Such a move would almost certainly take the momentum out of the little englander's Brexit as while it wouldn't do a thing for that dying out breed of "Let's put the 'Great' back into Great Britain" mob, it would slice off the somewhat conflicted humanist base who are torn between a desire to be a part of Europe and the need to GTFO of such a crudely undemocratic mess that is the EU in 2018.

I reckon that although Merkel has the balls to force a change she now lacks the political power and though Macron may be able to convince his neolib cronies, every one of whom owes his/her gig to Macron's corrupt deceit skills, Macron lacks the strength of purpose to make changes and save the EU.

Unfortunately that means that Europe is likely to fall into the millennia old warring factions that finally kippered it from 1914 onwards. Amerika will be happy in the short term, but without a unified Europe to back it up, the Amerikan empire will be buggered pretty quick.

Posted by b on May 29, 2018 at 10:42 UTC | Permalink

Comments
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somebody @ 74
“Any central bank has to be politically independent or the finances of a country are doomed.”

That is precisely what the supra-national banksters tell us. Of course, by “politically independent” they mean “not answerable to the people.” As Alan Greenspan, the Chairman of the US Federal Reserve though multiple Administrations of both political flavors said on PBS:

“the Federal Reserve is an independent agency. And that means basically that there is no agen… uh, other agency of government which can overrule the actions that we take.

"So long as that is in place, and there is no evidence that the Administration or the Congress, or anybody else is requesting that we do things other than what we think is the appropriate thing, then what the relationships are don't frankly matter."

The thieves of Jekyll Island who created the Federal Reserve were very “clever.” They put “Federal” into the name to give the impression it is part of the government. It is not. They arranged that the US President gets to nominate it’s Chair, but they all know that's just window dressing. The Board votes on who will be the Chair. They claim “nobody owns the Federal Reserve,” which on one level is true. But all 12 Federal Reserve Banks that are the real structure of the Fed are owned, and they are owned by supra-national banksters.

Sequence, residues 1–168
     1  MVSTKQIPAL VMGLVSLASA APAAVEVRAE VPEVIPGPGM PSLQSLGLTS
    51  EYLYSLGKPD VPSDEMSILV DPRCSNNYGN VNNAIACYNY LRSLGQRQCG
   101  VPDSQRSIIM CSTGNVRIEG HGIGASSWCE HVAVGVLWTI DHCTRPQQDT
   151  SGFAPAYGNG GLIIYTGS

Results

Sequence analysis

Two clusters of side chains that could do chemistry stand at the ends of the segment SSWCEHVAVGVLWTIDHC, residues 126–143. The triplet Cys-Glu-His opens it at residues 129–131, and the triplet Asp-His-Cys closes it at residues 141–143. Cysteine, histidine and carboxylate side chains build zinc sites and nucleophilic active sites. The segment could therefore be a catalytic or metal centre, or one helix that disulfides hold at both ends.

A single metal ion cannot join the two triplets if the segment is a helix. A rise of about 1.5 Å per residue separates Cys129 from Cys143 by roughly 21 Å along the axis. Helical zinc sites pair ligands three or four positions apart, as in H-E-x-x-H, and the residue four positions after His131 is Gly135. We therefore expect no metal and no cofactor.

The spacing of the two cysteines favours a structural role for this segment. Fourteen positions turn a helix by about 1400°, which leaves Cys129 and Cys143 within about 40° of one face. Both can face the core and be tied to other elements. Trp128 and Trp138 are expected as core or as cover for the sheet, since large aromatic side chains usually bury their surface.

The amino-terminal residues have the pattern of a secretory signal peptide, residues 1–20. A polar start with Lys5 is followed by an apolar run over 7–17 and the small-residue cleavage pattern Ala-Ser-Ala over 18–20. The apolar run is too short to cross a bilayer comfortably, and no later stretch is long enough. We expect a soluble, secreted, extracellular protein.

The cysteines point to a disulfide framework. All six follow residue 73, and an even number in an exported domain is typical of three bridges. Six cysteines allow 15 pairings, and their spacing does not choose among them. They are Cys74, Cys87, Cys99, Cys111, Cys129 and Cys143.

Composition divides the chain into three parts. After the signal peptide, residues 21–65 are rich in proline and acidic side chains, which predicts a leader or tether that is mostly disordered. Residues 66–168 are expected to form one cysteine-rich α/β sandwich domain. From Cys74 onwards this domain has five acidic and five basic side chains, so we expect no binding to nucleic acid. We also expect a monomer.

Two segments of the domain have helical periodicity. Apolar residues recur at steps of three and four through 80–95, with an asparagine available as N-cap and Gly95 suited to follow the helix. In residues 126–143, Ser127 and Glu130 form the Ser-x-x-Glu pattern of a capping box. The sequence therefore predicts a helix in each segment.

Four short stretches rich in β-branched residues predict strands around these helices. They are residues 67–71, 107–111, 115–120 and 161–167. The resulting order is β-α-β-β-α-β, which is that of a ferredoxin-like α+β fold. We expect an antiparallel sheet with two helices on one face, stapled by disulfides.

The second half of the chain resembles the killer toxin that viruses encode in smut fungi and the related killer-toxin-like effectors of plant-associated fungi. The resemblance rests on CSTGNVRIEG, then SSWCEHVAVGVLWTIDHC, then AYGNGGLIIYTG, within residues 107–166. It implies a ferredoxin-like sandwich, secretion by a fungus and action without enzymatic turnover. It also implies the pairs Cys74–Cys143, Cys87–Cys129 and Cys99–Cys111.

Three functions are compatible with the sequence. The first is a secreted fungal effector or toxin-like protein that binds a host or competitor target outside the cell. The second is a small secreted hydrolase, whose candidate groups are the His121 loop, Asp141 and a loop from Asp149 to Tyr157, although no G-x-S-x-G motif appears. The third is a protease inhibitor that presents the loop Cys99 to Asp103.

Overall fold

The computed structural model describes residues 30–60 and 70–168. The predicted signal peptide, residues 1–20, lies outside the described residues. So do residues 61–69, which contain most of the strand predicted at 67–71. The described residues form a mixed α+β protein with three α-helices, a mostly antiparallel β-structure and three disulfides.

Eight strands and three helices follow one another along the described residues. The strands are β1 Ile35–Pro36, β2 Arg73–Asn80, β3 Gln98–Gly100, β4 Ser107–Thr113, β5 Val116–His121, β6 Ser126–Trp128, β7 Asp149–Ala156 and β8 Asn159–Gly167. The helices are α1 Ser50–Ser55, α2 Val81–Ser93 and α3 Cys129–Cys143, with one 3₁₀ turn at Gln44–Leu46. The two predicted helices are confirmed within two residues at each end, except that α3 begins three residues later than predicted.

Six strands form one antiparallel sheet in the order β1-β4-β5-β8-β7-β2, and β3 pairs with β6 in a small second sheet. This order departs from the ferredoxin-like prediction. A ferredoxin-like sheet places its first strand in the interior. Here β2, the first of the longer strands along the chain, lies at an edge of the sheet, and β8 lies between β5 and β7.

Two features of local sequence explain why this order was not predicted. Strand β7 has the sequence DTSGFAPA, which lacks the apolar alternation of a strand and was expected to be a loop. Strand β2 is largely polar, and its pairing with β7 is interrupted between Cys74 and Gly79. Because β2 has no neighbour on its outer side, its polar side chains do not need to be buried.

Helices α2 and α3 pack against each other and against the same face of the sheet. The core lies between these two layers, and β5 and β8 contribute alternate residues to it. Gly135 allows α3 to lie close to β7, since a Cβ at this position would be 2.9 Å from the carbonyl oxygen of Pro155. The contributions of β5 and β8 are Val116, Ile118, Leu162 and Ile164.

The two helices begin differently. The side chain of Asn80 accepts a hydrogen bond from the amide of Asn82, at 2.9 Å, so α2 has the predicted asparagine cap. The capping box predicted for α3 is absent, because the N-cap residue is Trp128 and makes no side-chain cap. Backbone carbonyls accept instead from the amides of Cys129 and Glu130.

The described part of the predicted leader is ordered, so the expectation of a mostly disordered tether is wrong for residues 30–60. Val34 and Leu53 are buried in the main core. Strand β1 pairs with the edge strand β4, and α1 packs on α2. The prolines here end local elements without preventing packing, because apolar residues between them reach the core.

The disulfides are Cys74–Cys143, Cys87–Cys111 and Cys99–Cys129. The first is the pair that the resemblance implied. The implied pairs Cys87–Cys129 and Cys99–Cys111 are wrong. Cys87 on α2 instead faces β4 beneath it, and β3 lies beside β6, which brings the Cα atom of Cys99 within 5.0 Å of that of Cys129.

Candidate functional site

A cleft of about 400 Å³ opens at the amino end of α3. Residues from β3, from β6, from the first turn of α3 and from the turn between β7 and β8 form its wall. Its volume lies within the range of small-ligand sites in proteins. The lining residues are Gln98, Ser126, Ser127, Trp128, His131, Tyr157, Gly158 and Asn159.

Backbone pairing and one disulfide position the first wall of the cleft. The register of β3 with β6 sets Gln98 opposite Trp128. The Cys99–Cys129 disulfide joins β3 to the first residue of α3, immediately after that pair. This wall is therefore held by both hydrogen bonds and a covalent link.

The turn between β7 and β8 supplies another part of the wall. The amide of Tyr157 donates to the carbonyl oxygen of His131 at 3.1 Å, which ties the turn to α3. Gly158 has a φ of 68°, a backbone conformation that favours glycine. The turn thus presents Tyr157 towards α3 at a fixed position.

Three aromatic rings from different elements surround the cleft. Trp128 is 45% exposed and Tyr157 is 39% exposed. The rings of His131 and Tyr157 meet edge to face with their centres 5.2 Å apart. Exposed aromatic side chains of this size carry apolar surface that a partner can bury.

And those largely invisible owners are the ONLY entities to whom the Central Bank is answerable.


“A central bank has one goal only - to prevent a currency from in- or deflating.”

Again, that is precisely what the owners of the Central Banks tell us. The privately-owned Central Banks do have only one goal. To make profits for their owners.

And if you look, you'll see they've been quite unsuccessful at the goal they claim is their raison d'etre, but quite successful at "making bank" for their owners regardless of the state of any nation's economy.

Posted by: Daniel | May 30 2018 20:33 utc | 101

psychohistorian@64
“Americans will adjust but it may take a bit of instability while all the fringe elements are brought back under a new social contract around government.”

Indeed. A documentary film was made sometime prior to 1990, titled “Controlling Interest.” I cannot find it online anymore. It was mostly interviews with CEOs of transnational corporations, and it was shocking how honest they were.

One CEO said that wages in the US would continue to drop until we were “competitive with Asian workers. Another CEO said southeast Asians were best suited for some manual labor because of their tiny hands (suggesting new employ for President Trump?).

And this sort of thinking is precisely why I insist that any upheaval, “new social contract” must be universal. We must stop seeing “others” as our competition, but as our de facto partners.

This is a wonderful 17-minute talk by Mallence Bart Williams.

Posted by: Daniel | May 30 2018 20:45 utc | 102

@Den Lille Abe #67

"But greece brought it on herself, her inhabitants all in on the swindle."